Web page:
When I joined Headwaters Foundation it was a new foundation, and I was tasked with creating its structures from the ground up. When it came to evaluation, my work was about listening to communities and acting on what I was learning, not making grantees jump through structural hoops or report back in traditional ways. A new way of thinking about learning and evaluation began to take shape that is rooted in three pillars: 

  1. Learning for accountability 

Positions accountability – to ourselves and to our grantee partners – as core work:  

  • Are we showing up authentically?  
  • Are we living our values?  
  • What do we do when we realise we’re showing up poorly? 

Learning for accountability recognises one of the few areas that funders can truly have influence over – how we show up. These questions should be part of every evaluation approach yet are part of almost none. 

  1. Learning for decision-making 

Understanding that grantee partners, not funders, know how to best advance their work is key. By listening to this expertise, funders play a different and more impactful role in the nonprofit-funder ecosystem:  

  • Funders do not listen for the stories we’ve grown accustomed to asking for –  instead, we ask grantee partners to truly shape what the work looks like 
  • Partners tell us what they need to succeed, what’s working and what’s not  
  • How we as funders are supporting our partners in meeting their goals. 
  1. Learning for long-term impact. 

Change doesn’t happen at the pace of grantmaking. Rather than focus on the narrow view of a single grant, evaluation must consider a long view, across ecosystems: 

  • We must assess change over the course of years and decades, not one-to-two-year chunks 
  • We must engage wider, cumulative community efforts, not the success of a single organisation’s goals.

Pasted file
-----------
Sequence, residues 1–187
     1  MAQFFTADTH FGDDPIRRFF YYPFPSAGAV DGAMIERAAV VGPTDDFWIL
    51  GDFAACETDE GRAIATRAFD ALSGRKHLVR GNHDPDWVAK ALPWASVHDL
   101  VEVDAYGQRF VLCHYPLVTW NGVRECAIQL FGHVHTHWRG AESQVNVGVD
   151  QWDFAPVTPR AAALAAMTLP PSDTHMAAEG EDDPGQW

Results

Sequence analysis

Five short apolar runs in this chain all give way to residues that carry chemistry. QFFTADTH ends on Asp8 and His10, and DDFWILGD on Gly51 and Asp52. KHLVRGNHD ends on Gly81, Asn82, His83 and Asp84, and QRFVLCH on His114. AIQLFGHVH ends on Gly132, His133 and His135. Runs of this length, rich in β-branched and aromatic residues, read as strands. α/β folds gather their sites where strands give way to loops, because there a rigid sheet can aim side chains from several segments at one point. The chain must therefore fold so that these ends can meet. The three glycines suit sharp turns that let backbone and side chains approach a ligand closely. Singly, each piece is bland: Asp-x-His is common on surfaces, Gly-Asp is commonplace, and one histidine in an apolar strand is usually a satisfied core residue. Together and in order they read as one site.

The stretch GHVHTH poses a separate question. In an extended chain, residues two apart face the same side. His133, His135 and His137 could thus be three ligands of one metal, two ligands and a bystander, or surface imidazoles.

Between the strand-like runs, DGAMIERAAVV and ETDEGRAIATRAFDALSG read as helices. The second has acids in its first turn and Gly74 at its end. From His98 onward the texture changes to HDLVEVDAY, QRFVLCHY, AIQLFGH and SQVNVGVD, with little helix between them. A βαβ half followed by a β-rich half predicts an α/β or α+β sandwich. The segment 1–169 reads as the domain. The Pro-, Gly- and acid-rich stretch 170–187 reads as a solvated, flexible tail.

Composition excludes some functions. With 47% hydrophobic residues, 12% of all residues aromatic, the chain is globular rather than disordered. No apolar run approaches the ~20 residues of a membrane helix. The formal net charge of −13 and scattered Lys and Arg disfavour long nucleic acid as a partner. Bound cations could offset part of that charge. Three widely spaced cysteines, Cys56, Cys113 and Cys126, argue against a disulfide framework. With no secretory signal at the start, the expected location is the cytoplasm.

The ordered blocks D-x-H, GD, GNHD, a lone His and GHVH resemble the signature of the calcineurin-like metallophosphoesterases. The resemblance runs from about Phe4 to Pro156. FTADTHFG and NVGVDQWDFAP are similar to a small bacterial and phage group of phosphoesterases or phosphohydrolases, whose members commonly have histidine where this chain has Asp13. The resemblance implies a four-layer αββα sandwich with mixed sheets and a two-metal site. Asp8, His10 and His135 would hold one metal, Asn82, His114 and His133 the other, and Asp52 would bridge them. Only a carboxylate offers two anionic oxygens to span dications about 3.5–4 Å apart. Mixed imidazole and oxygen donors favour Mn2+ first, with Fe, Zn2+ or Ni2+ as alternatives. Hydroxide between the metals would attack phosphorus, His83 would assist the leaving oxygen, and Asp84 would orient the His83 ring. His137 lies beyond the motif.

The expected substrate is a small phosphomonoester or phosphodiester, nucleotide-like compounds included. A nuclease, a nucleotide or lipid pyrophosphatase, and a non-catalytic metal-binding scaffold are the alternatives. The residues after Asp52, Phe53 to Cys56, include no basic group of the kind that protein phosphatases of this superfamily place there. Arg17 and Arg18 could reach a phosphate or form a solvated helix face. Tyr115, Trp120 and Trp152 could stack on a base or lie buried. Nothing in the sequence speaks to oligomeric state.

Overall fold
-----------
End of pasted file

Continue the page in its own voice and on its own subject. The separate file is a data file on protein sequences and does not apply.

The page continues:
Foundations have necessary cultural work to do before this emergent approach to learning and evaluation can begin, such as: 

  • Shedding old notions and embracing a new, more vulnerable philosophy 
  • Recognising that this new approach changes the role of funders and proactively works to shift power. 

How we do it at Headwaters Foundation 

Headwaters Foundation has conducted an iterative annual Learning and Evaluation Data Book for four years now. It is an example of how our team has brought a trust-based learning approach to life. Comprised of oral and written reporting data, internal goal-tracking metrics and stories of lessons learned, this publicly available tool helps us determine what is working, what isn’t, and how we can adapt to better serve partners and communities. The learning book also helps track the big-picture impact of our work and funded projects and pinpoints questions to guide future learning.  

Moving to impact, learning, and evaluation 

It will take time and work, but I believe it will get all of us – funders, grantees and communities alike – to a place of more honesty, greater impact and community-informed transformation. 

Evaluation for Learning in Trust Based Philanthropy with Brenda Solarzano is available to view online.